Matthew Klesta |

Research Analyst


Matthew Klesta, Research Analyst

Matthew Klesta is a research analyst in the Community Development Department of the Federal Reserve Bank of Cleveland. Matt joined the bank in 2007 and became a member of the Community Development team in 2009. His work focuses on urban revitalization, issues affecting low- to moderate-income communities, and the impact of natural resource extraction on rural communities.

Matt earned a bachelor’s degree in urban affairs from Cleveland State University.

Outside the bank, he enjoys backpacking in out of the way places and hopes to one day see Cleveland as the thriving metropolis it once was.

  • Fed Publications
Title Date Publication Author(s) Type

 

09.03.2014 Vol 05, No. 2 ; Forefront
Abstract: The shale gas industry brings both costs and benefits to the communities it pervades. But thought must be given, and plans should be laid, for when the industry leaves town.

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August, 2013 Federal Reserve Bank of Cleveland, working paper no. 13-11 ; Frank Manzo; Francisca G-C Richter; Mark S Sniderman; Working Papers
Abstract: In the aftermath of the Great Recession, many policy analysts are rethinking national housing policies, including affordable housing programs. We review the literature to compare the largest tenant-based (housing choice voucher or HCV) and place-based (low-income-housing tax credit or LIHTC) programs with respect to cost efficiency and access to better quality neighborhoods. We also provide an overview of low-income-rental-housing policy trends and perform a rough comparison of neighborhood quality across programs and counties, focusing on four main urban counties in the Fourth Federal Reserve District (Cuyahoga, Hamilton, and Franklin in Ohio, and Allegheny in Pennsylvania). We find that in spite of relatively stable real rents, affordability in the Ohio counties declined between 2005 and 2009 due to a drop in real incomes. We find that in Allegheny County during 2006-2009, neighborhood quality was comparable for rental units available through each of the two housing programs. We also find evidence that neighborhoods with LIHTC investments placed in service by 2000 in Allegheny County improved their quality by 2006-2009 relative to comparable neighborhoods, but we do not find similar evidence for the Ohio counties. Lacking tenant-level data on LIHTC renters, it is hard to explain these regional differences. Finally, we note that richer data reporting on various aspects of HCV and LIHTC would improve the ability of program administrators and policymakers to design, coordinate, and evaluate programs based on efficiency and effectiveness.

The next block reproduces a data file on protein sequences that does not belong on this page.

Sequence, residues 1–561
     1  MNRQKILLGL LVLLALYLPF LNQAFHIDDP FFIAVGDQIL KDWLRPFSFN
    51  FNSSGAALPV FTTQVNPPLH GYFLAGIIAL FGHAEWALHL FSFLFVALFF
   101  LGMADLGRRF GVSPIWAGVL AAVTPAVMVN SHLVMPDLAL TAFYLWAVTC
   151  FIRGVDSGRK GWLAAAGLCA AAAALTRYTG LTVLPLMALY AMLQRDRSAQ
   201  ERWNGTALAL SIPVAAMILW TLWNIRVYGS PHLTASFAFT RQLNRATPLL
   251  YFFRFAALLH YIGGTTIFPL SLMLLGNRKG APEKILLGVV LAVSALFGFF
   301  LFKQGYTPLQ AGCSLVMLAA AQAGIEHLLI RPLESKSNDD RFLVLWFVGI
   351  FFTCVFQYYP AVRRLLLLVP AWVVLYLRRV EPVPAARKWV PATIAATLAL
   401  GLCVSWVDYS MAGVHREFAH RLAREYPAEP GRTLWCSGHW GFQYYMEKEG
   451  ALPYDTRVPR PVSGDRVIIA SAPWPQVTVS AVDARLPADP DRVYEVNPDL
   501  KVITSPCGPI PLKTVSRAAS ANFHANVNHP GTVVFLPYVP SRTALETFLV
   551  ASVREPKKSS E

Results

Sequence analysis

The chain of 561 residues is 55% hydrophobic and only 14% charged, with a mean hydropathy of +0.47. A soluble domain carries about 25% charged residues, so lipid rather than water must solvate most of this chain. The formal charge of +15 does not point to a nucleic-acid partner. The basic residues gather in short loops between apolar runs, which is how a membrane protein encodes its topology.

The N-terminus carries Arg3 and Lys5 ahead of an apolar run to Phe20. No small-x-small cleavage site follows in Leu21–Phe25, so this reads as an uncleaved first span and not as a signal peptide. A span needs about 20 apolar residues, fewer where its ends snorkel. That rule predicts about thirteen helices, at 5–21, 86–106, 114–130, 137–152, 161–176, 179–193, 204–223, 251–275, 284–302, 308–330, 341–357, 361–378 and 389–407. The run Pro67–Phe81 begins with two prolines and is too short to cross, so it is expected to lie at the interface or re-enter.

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October 30, 2009 A Look Behind the Numbers ; A Look Behind the Numbers
Abstract: Although not directly affected by the boom and bust of the housing market, Appalachia, and more specifically rural Appalachia, might be fighting the current recession's aftershocks for quite some time. This report examines the data to learn how Appalachians in these counties are currently faring. Have they lost what little ground they gained from the late 1970s to the early part of this decade?

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